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Carefully tuned composite materials can have properties wholly unlike those of their separate constituents. We review the development of one example: colloid-stabilized emulsions with bicontinuous liquid domains. These non-equilibrium structures resemble the sponge mesophase of surfactants; however, in the colloid-stabilized case the interface separating the liquid domains is itself semi-solid. The arrangement of domains is created by arresting liquid-liquid phase separation via spinodal decomposition. Dispersed colloids exhibiting partial wettability become trapped on the newly created interface and jam together as the domains coarsen. Similar structures have been created in polymer blends stabilized using either interfacial nanoparticles or clay platelets. Here it has been possible to create the domain arrangement either by phase separation or by direct mixing of the melt. The low molecular weight liquid and polymer based structures have been developed independently and much can be learnt by comparing the two.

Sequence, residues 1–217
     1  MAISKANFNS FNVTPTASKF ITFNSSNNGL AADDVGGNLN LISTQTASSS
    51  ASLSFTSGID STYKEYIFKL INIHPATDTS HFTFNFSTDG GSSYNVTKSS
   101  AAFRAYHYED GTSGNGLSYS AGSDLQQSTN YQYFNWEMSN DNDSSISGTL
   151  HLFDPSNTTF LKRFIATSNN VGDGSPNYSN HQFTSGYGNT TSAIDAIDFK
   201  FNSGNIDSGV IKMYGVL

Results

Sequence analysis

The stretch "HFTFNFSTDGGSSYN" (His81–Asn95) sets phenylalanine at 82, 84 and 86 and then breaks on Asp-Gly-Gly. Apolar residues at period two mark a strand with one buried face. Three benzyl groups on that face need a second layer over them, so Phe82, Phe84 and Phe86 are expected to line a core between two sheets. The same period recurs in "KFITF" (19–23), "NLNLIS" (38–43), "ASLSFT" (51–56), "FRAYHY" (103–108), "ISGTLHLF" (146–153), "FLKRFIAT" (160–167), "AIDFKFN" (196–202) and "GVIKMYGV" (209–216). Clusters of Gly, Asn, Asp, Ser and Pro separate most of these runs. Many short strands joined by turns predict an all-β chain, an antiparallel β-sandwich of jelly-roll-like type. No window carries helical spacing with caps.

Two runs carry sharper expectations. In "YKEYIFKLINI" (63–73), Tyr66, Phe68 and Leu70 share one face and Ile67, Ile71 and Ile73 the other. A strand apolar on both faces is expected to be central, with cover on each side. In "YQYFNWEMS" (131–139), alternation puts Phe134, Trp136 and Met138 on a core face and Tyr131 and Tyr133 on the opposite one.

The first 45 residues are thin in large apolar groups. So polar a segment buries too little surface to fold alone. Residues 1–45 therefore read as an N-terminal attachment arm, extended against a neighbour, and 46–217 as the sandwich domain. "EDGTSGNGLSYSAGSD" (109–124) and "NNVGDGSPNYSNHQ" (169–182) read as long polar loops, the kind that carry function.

|Number of pages||18|
|Journal||Journal of Physics: Condensed Matter|
|Publication status||Published - 19 Mar 2008|
- COPOLYMER-NANOPARTICLE COMPOSITES
- CATASTROPHIC PHASE INVERSION
- CO-CONTINUOUS MORPHOLOGIES
- IMMISCIBLE POLYMER BLENDS
- MOBILE FILLER PARTICLES
- GRAIN-BOUNDARY SCARS
- IN-OIL EMULSIONS
- SPINODAL DECOMPOSITION
- BINARY BLENDS
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- 2 Finished
Edinbugrh Soft Matter and Statistical Physics Programme Grant Renewal
Cates, M., Poon, W., Ackland, G., Clegg, P., Evans, M., MacPhee, C. & Marenduzzo, D.
1/10/07 → 31/03/12
Edinburgh Soft Matter and Statistical Physics Group: Programme Grant
Cates, M., Ackland, G., Egelhaaf, S., Evans, M., Poon, W. & Pusey, P.
1/10/03 → 31/03/08